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We / I (‘ve) been seeing Playboy Manbaby live for about four years now. We’ve seen them at venues that have high ceilings as well as venues with low ceilings. Electric Babyman is another Playboy Manbaby album, and you could refer to it (if you go by the jacket) as “The Playboy Manbaby Experience.” As we’ve had The Playboy Manbaby Experience, we believe that we’re completely in the right to bring you this review.
Playboy Manbaby are a group of nice young folks from the Phoenix, Arizona area that have been bringing their own blend of Punk / Ska / Jazz / Fusion to the local music scene for a pretty long time now. They’re the type of people who would probably be okay with playing your house if you have enough room for them and they’d probably even be nice enough to stick around and help you clean up afterwards.
We went to a show for the album release party of their newest collection of jams, Don’t Let It Be before we’d even actually managed to hear the new album. Nothing reminds you of how out of whatever a “scene” is more than going to an album release that’s probably a lot of extended friends and not being able to follow the crowd when they’re shouting lyrics out as if they’ve marinated a long enough time to have individual meaning. Oops! Maybe that made us feel like The Bad Fans but the show was still absolutely fantastic. There were still enough good bands that we didn’t already know to enjoy before Playboy Manbaby got on stage and enough cigarettes to smoke outside to keep us entertained
Here’s our 100% opinion from listening to the album over several days after the show (it was in February!): Playboy Manbaby is growing up. Describing a group of adult men like that…probably isn’t cool though. Maybe maturing? Wilting daisies that they are Playboy Manbaby is maybe figuring out their place in the world. You can tell, because – (you read the rest of the review after this).
The Album is a good time right off the bat. There’s a collection of songs forming the spear-tip of the album that penetrate you deeper and deeper as you listen to them. The album opens with You Can Be A Fascist Too a high-tempo take down of neighborhood fascists and probably the ones on the net, too. This is actually not our favorite song on the album even though it’s the one everyone was yelling the lyrics to at the show we saw them at.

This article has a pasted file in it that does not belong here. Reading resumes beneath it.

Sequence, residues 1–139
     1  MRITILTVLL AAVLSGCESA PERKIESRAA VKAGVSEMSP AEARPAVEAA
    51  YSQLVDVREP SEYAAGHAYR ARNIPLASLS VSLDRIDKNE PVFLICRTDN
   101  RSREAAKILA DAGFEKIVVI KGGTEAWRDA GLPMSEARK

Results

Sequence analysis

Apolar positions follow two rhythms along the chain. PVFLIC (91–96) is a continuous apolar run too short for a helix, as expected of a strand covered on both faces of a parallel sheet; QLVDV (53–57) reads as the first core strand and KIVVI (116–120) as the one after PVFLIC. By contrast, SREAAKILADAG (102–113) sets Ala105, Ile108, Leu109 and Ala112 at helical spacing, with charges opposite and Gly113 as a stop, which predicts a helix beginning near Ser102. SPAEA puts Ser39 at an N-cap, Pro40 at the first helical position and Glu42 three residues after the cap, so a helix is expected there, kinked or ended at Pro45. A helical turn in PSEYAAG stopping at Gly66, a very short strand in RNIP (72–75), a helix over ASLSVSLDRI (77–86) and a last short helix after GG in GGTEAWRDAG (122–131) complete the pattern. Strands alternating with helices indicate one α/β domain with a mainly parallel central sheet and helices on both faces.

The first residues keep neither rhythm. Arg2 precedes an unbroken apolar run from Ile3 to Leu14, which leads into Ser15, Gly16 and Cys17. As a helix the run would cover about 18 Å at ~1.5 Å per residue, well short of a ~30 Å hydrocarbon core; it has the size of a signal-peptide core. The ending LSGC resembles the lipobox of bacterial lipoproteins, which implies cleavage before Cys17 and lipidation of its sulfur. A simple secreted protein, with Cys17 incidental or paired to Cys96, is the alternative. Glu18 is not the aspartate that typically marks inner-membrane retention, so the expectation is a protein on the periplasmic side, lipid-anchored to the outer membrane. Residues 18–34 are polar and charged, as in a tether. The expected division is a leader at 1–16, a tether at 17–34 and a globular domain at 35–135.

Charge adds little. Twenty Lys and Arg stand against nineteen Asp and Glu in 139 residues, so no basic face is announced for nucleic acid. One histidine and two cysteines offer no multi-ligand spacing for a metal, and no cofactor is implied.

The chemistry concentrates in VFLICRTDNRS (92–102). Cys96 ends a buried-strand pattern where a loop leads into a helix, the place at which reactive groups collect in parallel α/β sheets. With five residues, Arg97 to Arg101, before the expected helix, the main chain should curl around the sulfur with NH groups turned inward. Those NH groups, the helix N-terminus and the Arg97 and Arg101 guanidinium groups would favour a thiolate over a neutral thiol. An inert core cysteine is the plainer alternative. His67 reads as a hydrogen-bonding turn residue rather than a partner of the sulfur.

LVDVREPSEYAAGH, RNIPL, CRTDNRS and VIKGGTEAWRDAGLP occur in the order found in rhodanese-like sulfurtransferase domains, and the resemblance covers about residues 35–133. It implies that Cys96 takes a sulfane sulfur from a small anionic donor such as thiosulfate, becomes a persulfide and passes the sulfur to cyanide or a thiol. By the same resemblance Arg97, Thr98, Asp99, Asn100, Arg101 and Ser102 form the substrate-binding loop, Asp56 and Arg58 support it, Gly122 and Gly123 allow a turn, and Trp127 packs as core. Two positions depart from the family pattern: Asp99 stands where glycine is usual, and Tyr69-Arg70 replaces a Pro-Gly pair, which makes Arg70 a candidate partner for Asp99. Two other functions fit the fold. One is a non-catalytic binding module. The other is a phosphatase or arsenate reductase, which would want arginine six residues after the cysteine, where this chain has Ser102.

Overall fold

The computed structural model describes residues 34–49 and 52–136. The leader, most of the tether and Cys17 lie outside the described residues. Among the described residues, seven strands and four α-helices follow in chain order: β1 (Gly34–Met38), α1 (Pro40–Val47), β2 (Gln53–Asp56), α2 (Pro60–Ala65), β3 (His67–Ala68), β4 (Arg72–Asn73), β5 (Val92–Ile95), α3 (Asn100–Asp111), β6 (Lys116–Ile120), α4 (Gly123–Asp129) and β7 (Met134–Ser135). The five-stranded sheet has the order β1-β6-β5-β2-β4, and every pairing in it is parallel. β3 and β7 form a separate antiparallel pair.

Since we like getting penetrated, our first favorite song on the album is Bored Broke & Sober. We can tell you that and describe it: a high-tempo collection of yelling and guitar with a back end of twitchy high-pitched electric that sounds like it’s being played in a cave and the bass sliding to the front. Bored Broke & Sober sounds often at times like standing between two people who don’t want to figure out where life is going and are trying to make a contest out of it.
Maybe we wont write about the next song. Well, Cadillac Car is a fantastic song. It’s got all of the references to meth that I love in a song, and it appeals to me because I like wearing nice white dresses. These are all things the lyrics bring up, but it is starkly a song about wanting to tell the person you work for that they should [a bad word] off. This is the other song at their live show that also got everyone up and screaming the chorus so I guess a big part of the album is maybe the way that people in our age group are frustrated with work.
OK. Cadillac Car is a great song. We like Cheap Wine. It’s like an elegy for not wanting to get out of bed, living in filth and trying to make it seem like it’s not your fault. Sometimes that’s just a way you’ve gotta live life and everybody does it. There are a million books about shitty dudes living in cabana houses in New York or lofts or whatever. Where are all of the books about filthy people doing shitty things and not having the book actually be about a dude’s fucked up relationship with his dad. That’s what we want from literature and we can’t have it, so we found it in music.